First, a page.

I had a very similar conversation about health insurance with a British friend. He couldn't believe that homeless people would be discharged from ER onto the street with hastily treated open wounds, for example, just because they had no insurance.

I had a really similar childhood to yours except my mother WAS a secretary (and a receptionist and a secretarty again, etc.--always the first down-sized in a merger). We were latchkey kids from about 8 or 9. No consistent babysitter--lots of teen turn-overs, because my parents couldn't afford more.

I agree, too, that doing this work (the SAHM stuff) is more than I thought it would be--it requires more of my skill and brain than I thought it would and I take my skill and brain for granted until I see someone else try to do it and fail miserably, or do a crappy job and I realize they don't have the same skill (I don't mean other SAHMs, I mean people unused to caring for children).

Iv'e also become much, much more nutrition and diet and earth-conscious since we started heading towards parenthood. If I had a yard, I'd definitely be growing some food. As it is, I've become a local co-op regular...

mejaka

Thank you for having the guts to admit it. I think one of the biggest things that make full-time mothering hard is the lack of respect. It's a drain to put so much time and energy into something that earns no bonuses, has no coffee breaks, gets no promotions or awards or honors, has a questionable outcome no matter how well you do it, and for which you are either on duty or on call 24/7.

I was a reluctant SAHM, but did it because in my subculture it is strongly considered to be the best thing for children. Nearly 18 years later, I believe in that view the way I should have then. Now my youngest is in first grade and I'm having to recall some of my own judgements--the ones I made about women whose kids were in school or even grown who still weren't working. Didn't they feel any resonsibility to contribute, now that their mothering job was part-time or nearly over?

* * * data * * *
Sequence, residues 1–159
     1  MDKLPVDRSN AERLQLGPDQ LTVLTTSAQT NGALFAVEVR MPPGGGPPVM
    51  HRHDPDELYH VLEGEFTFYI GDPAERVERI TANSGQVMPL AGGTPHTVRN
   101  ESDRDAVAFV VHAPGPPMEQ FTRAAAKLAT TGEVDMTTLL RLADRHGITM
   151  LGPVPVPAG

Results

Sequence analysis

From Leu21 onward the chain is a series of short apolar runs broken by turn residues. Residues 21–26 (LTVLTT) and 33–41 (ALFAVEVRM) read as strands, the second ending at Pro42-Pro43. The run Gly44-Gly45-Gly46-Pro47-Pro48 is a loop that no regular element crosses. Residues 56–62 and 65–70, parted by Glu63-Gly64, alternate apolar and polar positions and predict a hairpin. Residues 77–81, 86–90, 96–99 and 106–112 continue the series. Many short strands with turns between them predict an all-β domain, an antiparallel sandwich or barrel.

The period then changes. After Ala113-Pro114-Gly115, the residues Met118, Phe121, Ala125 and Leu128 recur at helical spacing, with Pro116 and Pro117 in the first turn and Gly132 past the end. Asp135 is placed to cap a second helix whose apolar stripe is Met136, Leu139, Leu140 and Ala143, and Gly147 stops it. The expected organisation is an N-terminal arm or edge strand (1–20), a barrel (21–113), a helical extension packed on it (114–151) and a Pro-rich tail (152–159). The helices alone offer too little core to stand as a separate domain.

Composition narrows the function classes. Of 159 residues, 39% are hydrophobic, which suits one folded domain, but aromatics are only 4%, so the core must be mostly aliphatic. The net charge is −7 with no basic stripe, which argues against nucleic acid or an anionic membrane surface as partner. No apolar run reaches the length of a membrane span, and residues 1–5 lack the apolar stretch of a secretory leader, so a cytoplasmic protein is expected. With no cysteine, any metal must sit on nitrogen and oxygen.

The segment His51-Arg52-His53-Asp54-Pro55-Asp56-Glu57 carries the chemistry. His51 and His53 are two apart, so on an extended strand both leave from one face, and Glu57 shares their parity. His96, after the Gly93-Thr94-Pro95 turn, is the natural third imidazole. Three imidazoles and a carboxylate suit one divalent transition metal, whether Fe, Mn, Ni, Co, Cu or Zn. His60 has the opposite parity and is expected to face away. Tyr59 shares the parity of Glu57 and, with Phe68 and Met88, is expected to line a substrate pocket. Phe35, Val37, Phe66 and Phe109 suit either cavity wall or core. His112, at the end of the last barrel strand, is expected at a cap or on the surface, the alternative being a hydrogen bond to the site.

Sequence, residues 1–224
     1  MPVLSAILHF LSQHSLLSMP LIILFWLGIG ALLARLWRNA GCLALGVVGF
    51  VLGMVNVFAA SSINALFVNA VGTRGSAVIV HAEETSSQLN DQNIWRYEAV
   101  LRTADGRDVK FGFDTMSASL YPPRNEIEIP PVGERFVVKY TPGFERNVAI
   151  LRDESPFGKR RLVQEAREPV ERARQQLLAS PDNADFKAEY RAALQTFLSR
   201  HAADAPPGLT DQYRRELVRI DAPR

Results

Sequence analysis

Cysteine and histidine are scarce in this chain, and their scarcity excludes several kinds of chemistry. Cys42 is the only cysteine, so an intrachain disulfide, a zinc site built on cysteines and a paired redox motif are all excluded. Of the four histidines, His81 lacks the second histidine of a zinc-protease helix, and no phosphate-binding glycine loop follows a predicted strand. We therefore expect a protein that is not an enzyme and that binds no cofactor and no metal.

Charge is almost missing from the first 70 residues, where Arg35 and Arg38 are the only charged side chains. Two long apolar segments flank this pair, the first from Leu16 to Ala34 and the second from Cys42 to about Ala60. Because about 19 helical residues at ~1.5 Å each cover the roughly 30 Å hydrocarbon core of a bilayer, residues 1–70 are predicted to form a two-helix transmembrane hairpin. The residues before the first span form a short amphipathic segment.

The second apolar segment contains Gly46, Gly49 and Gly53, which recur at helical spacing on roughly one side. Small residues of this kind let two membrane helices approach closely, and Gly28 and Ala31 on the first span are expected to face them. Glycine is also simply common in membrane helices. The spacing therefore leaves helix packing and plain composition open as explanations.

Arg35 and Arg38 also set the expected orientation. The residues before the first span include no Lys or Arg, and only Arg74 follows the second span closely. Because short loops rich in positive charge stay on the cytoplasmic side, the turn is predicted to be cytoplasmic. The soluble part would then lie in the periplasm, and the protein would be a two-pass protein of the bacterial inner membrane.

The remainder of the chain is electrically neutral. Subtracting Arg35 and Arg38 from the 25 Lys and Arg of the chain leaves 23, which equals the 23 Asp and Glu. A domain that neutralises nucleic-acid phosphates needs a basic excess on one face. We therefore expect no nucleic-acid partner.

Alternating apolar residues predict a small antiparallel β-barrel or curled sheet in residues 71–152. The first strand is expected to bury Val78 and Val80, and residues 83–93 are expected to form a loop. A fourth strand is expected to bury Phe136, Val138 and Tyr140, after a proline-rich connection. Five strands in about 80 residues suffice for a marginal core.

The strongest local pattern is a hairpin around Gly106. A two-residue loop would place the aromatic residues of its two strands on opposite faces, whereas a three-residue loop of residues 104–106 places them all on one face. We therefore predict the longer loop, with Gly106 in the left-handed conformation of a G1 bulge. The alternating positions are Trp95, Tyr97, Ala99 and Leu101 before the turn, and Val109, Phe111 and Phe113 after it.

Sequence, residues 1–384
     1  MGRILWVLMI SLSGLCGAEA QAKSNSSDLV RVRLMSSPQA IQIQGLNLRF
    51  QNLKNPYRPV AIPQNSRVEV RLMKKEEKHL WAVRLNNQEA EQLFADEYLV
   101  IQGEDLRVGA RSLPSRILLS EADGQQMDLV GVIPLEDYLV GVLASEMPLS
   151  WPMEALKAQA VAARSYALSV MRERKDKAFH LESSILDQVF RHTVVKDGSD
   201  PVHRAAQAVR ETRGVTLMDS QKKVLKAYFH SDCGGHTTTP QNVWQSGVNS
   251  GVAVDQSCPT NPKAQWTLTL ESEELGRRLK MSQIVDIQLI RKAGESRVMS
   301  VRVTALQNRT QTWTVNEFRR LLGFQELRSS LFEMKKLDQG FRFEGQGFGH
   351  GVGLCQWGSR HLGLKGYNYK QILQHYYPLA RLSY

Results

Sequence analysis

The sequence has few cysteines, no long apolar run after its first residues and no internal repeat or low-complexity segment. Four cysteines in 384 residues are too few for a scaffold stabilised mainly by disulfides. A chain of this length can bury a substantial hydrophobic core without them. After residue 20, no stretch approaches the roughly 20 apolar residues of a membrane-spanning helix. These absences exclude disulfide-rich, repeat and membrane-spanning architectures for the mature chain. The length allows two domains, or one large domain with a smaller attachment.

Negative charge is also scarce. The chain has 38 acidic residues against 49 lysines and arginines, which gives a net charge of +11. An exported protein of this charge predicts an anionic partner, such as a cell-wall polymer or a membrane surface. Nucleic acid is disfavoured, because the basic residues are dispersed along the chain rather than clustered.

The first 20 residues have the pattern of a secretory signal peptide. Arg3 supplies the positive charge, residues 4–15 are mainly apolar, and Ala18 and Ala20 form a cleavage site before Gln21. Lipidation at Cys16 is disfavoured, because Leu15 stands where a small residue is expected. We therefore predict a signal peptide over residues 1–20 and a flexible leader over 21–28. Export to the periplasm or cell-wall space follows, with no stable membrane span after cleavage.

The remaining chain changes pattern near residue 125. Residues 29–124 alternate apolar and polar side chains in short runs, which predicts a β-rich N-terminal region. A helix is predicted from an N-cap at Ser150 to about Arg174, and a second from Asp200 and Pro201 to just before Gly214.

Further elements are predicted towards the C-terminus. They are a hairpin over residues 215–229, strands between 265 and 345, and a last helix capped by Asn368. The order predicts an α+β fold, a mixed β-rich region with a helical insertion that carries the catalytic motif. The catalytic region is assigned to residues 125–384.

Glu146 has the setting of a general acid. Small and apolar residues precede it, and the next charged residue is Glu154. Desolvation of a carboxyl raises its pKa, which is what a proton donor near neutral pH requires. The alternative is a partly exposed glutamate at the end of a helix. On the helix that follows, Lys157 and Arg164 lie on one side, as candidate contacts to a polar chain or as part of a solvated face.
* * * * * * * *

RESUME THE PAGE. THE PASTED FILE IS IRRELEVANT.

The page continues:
Then I got there myself and discovered a few things:

1. It's very hard to build a resume around what I've been doing for the past two decades. No matter how valuable it is, full-time mothering and homemaking is not valued. Jobs are so specialized, nearly every listing insists on either demonstrable experience or documentation of a skill. Every time I read "Must have one year experience in a data-entry position" or the like, I want to scream. It's _data entry_! I am not an idiot!
2. My kids still need me before 9 and after 3--but part-time work with decent pay and workable hours is hard to find, even with an education. Maybe especially with an education.
3. There is still the summer, when my eldest will be working full-time, my second will want a job but still can't drive (taxi duty for me), and my two youngest can't be left alone for long periods of time.
4. After 20 years on the job with the same agency, my husband has 4 weeks of paid vacation annually and the freedom to arrange his time somewhat creatively (flex time, flex place, credit hours, etc.) We've become accustomed to two-week summer vacations, another week at Christmas, and occasional long weekends. Does it make sense to tie my family down to one vacation week a year so that I can work a part time, small potatoes job for a third his hourly pay (if I'm lucky!)?

He and I had a discussion about this this week and it amazes me how different our views of this are.

So thanks for validating the importance of what I'm (still!) doing and the challenge there is in doing it.